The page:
Each species of reptile has gradually evolved over the course of millions of years to be very good at living in a very particular environment. As such, a reptile’s health and wellbeing is heavily dependent on the environment that it is living in. They’re not as adaptable as mammals like humans and dogs and cats. So when you bring home a pet red-eared slider, you need to make sure that its enclosure replicates the natural conditions of its native habitat. Once a suitable enclosure has been selected, the habitat replication process starts with mimicking the effects of the Sun.
Sunlight is complex, but if we simplify it, we can divide it into the 3 general components that are most important for successful reptile husbandry: infrared (heat), visible light, and ultraviolet radiation.
Let’s start with ultraviolet radiation, or simply ultraviolet (UV). Many people freak out about ultraviolet because when they hear “radiation,” they think about nuclear fallout and catastrophic meltdowns at nuclear power plants. But there are many different types of radiation, and while some are harmful, others can be beneficial.
Ultraviolet-B, or UVB, is a type of ultraviolet radiation that is essential to reptile health in both the wild and in captivity. One of its most well-known function is enabling the synthesis of vitamin D within a reptile’s body. But it also has many other benefits, including strengthening a reptile’s immune system and stimulating the production of the feel-good hormone serotonin.
A good red-eared slider setup MUST include access to UVB (source). So in order to meet this requirement in captivity, you will need a strong, high quality UVB lamp, mounted at a safe distance from the basking area. Here are the best UVB lamps that ReptiFiles recommends for use with red-eared sliders and other pond sliders, categorized by vertical distance between the lamp and the basking surface:
Your red-eared slider’s UVB bulb should be 50-75% of the enclosure’s length, mounted over the basking area (overlapping with the water area isn’t bad thing, though). Use a fixture with a reflector so you don’t accidentally waste any of the UVB.
These recommendations are based on the assumption that the lamp is being used without mesh or other obstructions between the lamp and the basking area. If mesh is present, reduce the above distance recommendation by 40%.
If you are using a Solarmeter 6.5 or 6.5R to measure your lamp’s specific UVB output at your basking area, according to Dr. Frances Baines’ UV Tool, red-eared sliders are Ferguson Zone 3-4. This means that they are open or mid-day sun baskers that appreciate strong sunlight. The recommended UVI for this species is between 3.0-4.0 in the basking area. This number should be highest at the basking spot and lower in other areas of the enclosure so your turtle has options to choose from.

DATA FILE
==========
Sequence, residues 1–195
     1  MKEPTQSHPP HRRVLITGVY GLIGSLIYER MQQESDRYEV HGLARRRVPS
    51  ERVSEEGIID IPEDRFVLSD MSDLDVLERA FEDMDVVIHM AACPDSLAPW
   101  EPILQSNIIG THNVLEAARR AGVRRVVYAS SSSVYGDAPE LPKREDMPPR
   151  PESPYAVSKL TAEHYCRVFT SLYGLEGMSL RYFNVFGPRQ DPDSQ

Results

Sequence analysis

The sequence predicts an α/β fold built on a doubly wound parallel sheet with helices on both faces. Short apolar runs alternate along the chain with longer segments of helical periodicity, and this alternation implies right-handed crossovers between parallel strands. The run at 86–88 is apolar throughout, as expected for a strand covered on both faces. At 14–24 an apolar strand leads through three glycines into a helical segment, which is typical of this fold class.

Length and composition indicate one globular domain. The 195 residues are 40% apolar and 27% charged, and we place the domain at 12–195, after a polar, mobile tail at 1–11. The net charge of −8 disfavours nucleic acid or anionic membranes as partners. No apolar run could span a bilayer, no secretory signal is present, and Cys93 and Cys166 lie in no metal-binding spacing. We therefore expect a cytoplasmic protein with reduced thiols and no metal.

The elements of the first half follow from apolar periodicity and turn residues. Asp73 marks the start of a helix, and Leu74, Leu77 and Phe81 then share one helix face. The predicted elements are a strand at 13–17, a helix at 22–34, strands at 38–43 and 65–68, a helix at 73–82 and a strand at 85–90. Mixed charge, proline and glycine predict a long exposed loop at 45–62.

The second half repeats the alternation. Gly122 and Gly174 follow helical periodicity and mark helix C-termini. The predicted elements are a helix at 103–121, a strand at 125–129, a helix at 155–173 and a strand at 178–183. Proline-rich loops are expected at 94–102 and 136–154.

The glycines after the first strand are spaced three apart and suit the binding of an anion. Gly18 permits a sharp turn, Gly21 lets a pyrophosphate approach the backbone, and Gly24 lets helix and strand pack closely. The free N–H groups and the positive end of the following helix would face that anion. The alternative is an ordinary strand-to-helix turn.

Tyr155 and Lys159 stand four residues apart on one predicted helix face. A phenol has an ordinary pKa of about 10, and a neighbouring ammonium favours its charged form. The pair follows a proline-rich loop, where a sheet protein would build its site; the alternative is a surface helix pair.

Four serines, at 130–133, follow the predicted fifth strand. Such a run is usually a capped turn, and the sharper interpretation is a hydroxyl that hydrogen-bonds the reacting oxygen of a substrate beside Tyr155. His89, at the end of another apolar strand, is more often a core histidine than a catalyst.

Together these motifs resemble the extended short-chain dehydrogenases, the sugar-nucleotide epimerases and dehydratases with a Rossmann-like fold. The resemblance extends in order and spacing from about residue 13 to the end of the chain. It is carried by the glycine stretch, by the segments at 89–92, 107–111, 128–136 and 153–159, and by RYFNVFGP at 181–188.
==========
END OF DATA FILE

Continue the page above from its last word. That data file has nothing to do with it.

What other lights do red-eared sliders need?
Although UVB lamps and heat lamps (we’ll get to that later) do produce some visible light, they simply don’t produce enough of it to get anywhere close to replicating daytime illumination. It is highly recommended to also add a 6400K or similar full-spectrum fluorescent or LED lamp to further illuminate your enclosure. Aside from making for some great photos, this extra light can help improve your turtle’s mental health, and is essential for growing healthy live plants in an enclosure.
Here are some of ReptiFiles’ favorite “daylight” lamps:
- Arcadia JungleDawn LED Bar (best for densely-planted or particularly large setups)
- Bio Dude Glow & Grow LED
- Bio Dude Solar Grow T5 HO Fluorescent
- Vivarium Electronics 6400K T5 HO Light Strip
DO NOT use colored lights of any kind with your red-eared slider’s enclosure (red, black, blue, etc.), not even during the night. These can negatively affect your turtle’s mental health since their eyes are so sensitive to color in their environment (source). And honestly, it looks weird and unnatural.
How long should you leave the lights on?
Red-eared slider lights should be kept on for 11-13 hours/day, with a shorter “day” period during winter and longer during summer. Using digital or smart light timers like the Kasa Smart Plug for this is VERY helpful.
- Introduction to Red-Eared Sliders
- Trachemys scripta Subspecies
- Shopping List: Supplies You Will Need
- How to Select and Buy a Pet Red-Eared Slider
- Enclosure Size & Roommates
- Lighting & UVB Requirements
- Heating Requirements
- Creating a Basking Platform
- Water Management
- Environmental Enrichment: Decorating the Enclosure
- Feeding Your Red-Eared Slider
- Handling Tips & Behavioral Notes
- General Health Guide
- Additional Resources